Because dogs’ life spans are so much shorter than ours, it’s natural to wonder how they perceive time compared to us. Does a day feel much longer to them? Do they get bored when they know they have a certain amount of time to pass and very little to do? Do they feel like they are wasting time when they are not active?
Although humans may grapple with philosophical questions about the nature of time, it is very unlikely that dogs do. Nonetheless, it is clear that dogs have some sense of time because they remember people and can predict certain actions.
Humans view time in a linear perspective — we remember events as part of a sequence or from a particular day, month, or year. We remember our day as a series of events. Many experts believe that dogs depend on associative memory — they remember events as they relate to another event, action or sensory perception such as a smell or sound.
Instead of remembering their day as a series of events, their memory will be prompted by an associated event — for instance, when you bring out their leash, they associate that action with walks they’ve taken and remember in that way.
Though dogs may not have the same ability to perseverate on the past as we humans do, memory itself is inherently tied with a sense of time; dogs just process it differently.
With all that in mind, here are a few theories about how dogs might perceive the length of their days, in no particular order.
How Long is a Day for a Dog: A Time Based on the Concept of Dog Years
This theory builds on the conventional notion that one human year equals roughly seven dog years. From there, a 1-to-7 conversion could be applied to time: 1 “human minute” equals 7 “dog minutes,” 1 hour equals 7 hours, etcetera. Thus, it could be said that a whole 24-hour regular “human day” would equal a week in “dog time.”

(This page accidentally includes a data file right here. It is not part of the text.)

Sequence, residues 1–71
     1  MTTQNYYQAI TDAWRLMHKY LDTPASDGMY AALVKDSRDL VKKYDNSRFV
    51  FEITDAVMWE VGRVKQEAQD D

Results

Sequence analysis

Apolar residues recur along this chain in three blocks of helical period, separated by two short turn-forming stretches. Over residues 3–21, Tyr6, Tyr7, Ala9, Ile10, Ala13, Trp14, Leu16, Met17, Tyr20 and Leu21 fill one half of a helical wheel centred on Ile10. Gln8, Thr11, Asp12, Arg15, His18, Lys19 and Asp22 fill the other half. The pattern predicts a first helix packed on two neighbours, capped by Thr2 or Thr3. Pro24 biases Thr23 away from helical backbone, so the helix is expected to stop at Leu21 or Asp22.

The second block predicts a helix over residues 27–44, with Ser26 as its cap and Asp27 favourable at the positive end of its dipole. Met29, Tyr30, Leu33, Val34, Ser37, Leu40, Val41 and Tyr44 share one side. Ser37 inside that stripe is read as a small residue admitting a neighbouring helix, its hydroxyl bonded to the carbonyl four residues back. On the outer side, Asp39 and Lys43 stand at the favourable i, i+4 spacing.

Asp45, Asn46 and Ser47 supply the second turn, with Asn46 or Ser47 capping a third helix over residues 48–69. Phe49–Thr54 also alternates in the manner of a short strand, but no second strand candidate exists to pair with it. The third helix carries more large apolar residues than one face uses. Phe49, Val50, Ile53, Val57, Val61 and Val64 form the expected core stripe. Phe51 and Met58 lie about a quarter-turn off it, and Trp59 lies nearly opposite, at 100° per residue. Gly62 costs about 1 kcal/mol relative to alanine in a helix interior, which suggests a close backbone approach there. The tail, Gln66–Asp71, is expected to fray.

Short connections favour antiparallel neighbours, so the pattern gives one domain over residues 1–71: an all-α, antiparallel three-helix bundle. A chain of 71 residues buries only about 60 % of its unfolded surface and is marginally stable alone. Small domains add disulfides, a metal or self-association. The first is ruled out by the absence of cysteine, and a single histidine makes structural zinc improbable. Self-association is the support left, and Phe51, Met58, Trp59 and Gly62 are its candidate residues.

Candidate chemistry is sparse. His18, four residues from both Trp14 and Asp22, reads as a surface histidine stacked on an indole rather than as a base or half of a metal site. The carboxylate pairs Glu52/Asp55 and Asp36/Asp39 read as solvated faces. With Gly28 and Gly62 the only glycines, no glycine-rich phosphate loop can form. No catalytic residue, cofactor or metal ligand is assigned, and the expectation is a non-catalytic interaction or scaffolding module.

If we approach this theory with the assumption that dogs experience daily needs similar to those of humans, we might wonder if our dogs are receiving enough food, entertainment, and companionship to fulfill their daily needs within a 24-hour day. However, that exact line of thinking reveals this theory’s primary weakness: most dogs’ needs are met within their owners’ regular schedules, which run on “human time.”
Additionally, the notion that one human year equals seven dog years is just a simple way to conceptualize a dog’s life expectancy. A dog’s rate of aging depends on many factors, including breed and size, with smaller dogs maturing faster but typically living longer than larger dogs.
With that in mind, it is interesting to consider the idea that smaller animals perceive time as passing more slowly than larger animals, according to a 2013 study. Larger dogs’ lifespans are typically shorter than those of smaller dogs, which could align with differences in their perceptions of time. Puppies and adult dogs may also perceive time differently, though differences in activity levels and stimulation needs may have more to do with developmental milestones than boredom.
Whether perceptions of time between different dog breeds differ or not, though, it is unlikely that dogs perceive a day’s length as exactly equivalent to a week. So fear not: your dog doesn’t require a week’s worth of food to be satisfied in a day (though many of them would happily suggest otherwise!).
And with the exception of some high energy working dog breeds, the vast majority of household pet dogs sleep at least 12-14 hours a day and as much as 20 hours. This is considerably more than humans, both in real time, and even more so in theoretical “dog time.” It’s probably safe to say that dogs don’t feel like a human would if they slept for well over a week at a time.
A Dog’s Perception of the Length of a Day: Time as Memory and Patterns